Now that Pennsylvania’s congressional district boundaries have been settled — albeit through an unfortunate, partisan-charged and messy process — and the gerrymandered congressional district maps of 2011 have been tossed to the trash heap of history where they belong, it is time for our state lawmakers to fix this the right way, and for good.
There is, literally, no time to lose in the fight to ensure that the partisan and self-serving manipulation of our representative democracy by both Republican and Democratic power brokers over the years is extinguished once and for all.
It is time for all state lawmakers of integrity, honor, and principle, Republicans and Democrats alike, to insist that their leadership bring to a vote the bills (HB 722 & SB 22) providing for first session approval of the constitutional change needed to finally remove the politicians and political parties from both the congressional and state legislative redistricting process.
The once-every-10-year task, following the national census, intended to delineate compact and contiguous districts of near equal population (ones that don’t divide communities of interest, or counties and municipalities “unless absolutely necessary” as stipulated by the Pennsylvania Constitution) belongs in the hands of an independent nonpartisan citizens commission as envisioned by the Fair Districts PA-backed bills introduced in both the state House and Senate.
And because amendments to Pennsylvania’s constitution are, by the design of our founders, not easily achieved, requiring approval in two consecutive two year sessions of the General Assembly, and then subjected to voter approval of the people of Pennsylvania, time is running short on the need for first session action if this necessary reform of the redistricting process is to be implemented in 2021, following the next census in 2020.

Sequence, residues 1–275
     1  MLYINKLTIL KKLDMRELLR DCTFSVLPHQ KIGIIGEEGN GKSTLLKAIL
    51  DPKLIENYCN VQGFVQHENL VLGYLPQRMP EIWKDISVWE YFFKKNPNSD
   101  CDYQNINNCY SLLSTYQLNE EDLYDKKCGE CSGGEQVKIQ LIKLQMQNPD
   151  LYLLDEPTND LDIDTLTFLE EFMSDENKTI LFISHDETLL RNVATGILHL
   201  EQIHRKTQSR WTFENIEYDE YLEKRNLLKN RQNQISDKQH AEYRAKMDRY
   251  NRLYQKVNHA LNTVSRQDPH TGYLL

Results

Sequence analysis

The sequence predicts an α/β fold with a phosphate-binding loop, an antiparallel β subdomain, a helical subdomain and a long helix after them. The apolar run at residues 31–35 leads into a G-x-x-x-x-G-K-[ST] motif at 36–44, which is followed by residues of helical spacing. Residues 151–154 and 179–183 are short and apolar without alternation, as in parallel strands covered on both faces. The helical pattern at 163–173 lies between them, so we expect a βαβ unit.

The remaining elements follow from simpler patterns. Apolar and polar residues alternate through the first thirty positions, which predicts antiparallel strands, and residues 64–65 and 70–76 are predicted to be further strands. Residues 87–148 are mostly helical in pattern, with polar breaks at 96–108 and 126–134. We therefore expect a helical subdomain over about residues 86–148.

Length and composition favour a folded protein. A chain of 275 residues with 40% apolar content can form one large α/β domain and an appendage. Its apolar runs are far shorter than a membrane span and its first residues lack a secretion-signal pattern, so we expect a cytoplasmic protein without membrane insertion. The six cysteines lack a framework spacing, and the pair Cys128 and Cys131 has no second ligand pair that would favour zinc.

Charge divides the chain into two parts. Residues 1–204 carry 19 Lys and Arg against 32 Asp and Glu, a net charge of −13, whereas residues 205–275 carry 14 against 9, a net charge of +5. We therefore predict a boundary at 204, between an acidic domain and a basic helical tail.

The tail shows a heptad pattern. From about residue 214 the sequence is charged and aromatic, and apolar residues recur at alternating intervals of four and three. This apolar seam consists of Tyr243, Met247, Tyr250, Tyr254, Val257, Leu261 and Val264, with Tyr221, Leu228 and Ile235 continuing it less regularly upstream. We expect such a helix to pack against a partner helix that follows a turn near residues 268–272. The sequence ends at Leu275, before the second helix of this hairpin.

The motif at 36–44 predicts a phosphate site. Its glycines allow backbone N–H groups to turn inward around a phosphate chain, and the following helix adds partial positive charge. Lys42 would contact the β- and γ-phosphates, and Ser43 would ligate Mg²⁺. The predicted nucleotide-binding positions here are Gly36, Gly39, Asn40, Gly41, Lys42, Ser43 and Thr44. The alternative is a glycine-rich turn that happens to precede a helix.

Because of legal requirements associated with proposed constitutional amendments, our state lawmakers need act on first session approval before July of this year or this golden opportunity to effect real and positive change from the status quo politics-as-usual will be lost for at least another decade or longer.
Through the unanimous action of my commissioner colleagues and I, I am proud to say that Cumberland County became the very first county in Pennsylvania to adopt a resolution endorsing this good government, citizens’ initiative to depoliticize the redistricting process.
Since our original action in 2016, which we reaffirmed last year, we have been joined by many other counties in Pennsylvania with both Republican and Democratic majorities in urging the General Assembly to move this proposed constitutional amendment forward for an eventual final decision by Pennsylvania’s voters.
Many municipal governments across the state, including at least a dozen from east to west in Cumberland County, have followed suit in adopting similar resolutions calling for action.
I’m encouraged to see that state Rep. Mark Keller (R-86) and state Sen. Richard Alloway (R-33), who represent portions of western Cumberland County, have joined in cosponsoring the Fair Districts PA-backed bills. But, it is disappointing to note that, at least up till now, most of the members of our county’s delegation to the state House and Senate have either not taken a stance, or have answered with a series of excuses, about this good government reform that’s backed by a growing number of their constituents, their county commissioners and many of their partners in government at the municipal level.
But, here’s the deal, whether they co-sponsor the needed bills or not, what really matters is whether they have the courage to do what’s right, whether they’re up to the challenge of putting the people’s interest ahead of partisan or perceived political self-interest, and to do so by demanding that their party’s legislative leaders bring the needed legislation to a vote before it’s too late ... before the General Assembly recesses for the summer.
Make no mistake — and this is an election year for every member of the state House and half the state Senate — their constituents, of both parties and no party, are paying attention.
They’re watching to see who has the courage to challenge the mediocrity of the status quo, to put the public interest ahead of partisanship, and to begin to restore the public’s trust by doing the right thing instead of the same old, political thing.
And, on this fundamental issue at the heart of our representative democracy, the clock is ticking.